-A A +A

In Suffolk County, Cuomo Pushes For Dem Senate Hopeful

Nick Reisman
NY State of Politics

Gov. Andrew Cuomo made a pitch for down-ballot Democratic candidates at a local fundraiser in Suffolk County last night, singling out state Senate hopeful Jim Gaughran as being particularly needed in Albany.

“We have a number of candidates running for the state Senate who are great,” Cuomo said to applause at the dinner. “We have a superstar in Jim Gaughran who has to go to the state Senate.”

The governor’s full-throated endorsement of Gaughran in a battleground Senate district held by longtime incumbent Republican Carl Marcellino comes as Democrats hope for unexpected wins on Long Island next month, helping them to retake control of the Senate.

Suffolk County is also home to Senate Majority Leader John Flanagan, who is seeking a full term at the top post after succeeding the scandal-scarred former Sen. Dean Skelos as GOP leader last spring.

Cuomo for the last several weeks had rolled out plans to fundraise for Democratic incumbents like Sens. George Latimer and Todd Kaminsky, who are running in competitive suburban races in Westchester and Nassau counties, respectively. At the same time, Cuomo is maxing out his contributions to Democratic candidates.

Yesterday, Cuomo took square aim at incumbent Republican Marcellino, who was not previously thought to be on the Democrats’ top target list, but thanks largely to the controversial candidacy of GOP presidential nominee Donald Trump, many more seats are now believed to be in play.

“We should break our rear end for him,” Cuomo said of Gaughran. “He is what it’s about.”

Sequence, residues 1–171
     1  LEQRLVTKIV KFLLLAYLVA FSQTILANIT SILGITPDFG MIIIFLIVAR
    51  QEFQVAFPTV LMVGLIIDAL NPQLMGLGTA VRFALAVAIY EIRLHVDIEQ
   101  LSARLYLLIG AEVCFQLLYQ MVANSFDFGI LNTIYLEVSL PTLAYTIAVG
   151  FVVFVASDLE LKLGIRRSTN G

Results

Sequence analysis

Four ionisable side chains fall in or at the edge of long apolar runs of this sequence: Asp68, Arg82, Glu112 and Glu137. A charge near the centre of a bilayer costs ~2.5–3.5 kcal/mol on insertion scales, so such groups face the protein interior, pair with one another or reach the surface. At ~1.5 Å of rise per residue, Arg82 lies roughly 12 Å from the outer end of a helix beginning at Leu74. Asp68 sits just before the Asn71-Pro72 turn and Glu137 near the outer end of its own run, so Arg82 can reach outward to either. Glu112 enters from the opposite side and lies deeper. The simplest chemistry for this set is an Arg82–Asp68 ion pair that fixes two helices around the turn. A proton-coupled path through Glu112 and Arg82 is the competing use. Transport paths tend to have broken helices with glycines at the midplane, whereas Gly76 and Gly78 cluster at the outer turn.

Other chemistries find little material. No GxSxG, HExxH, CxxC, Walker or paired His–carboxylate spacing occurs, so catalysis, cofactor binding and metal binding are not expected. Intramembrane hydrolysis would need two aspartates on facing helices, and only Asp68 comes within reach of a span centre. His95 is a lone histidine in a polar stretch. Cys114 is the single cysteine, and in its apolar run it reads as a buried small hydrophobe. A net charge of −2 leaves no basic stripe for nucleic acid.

Cuomo also told a lengthy and somewhat PG version of a story in which he was stranded at a rest stop and was solicited by a prostitute, whose offer he turned down. The story was related in conjunction with the governor’s effort to tout construction of a new welcome center on Long Island that includes a State Police presence.

Cuomo didn’t mention Marcellino, the Senate Education Committee chairman, by name. But he expressed a general frustration with some of the incumbents in Albany, even though he has declined in past campaigns to pull out all the stops in helping fellow Democrats challenge the GOP-controlled Senate.

“Albany has its share of political hacks, I’ll tell you the truth,” Cuomo said. “And it’s a bipartisan hackdom.”

Cuomo yesterday campaigned for state Senate Democrats in competitive races on Long Island and Nassau County in particular, where Republican County Executive Ed Mangano – a onetime Cuomo ally – is facing corruption charges. That’s a development the Seate Democrats also hope will contribute to their improved chances on Election Day.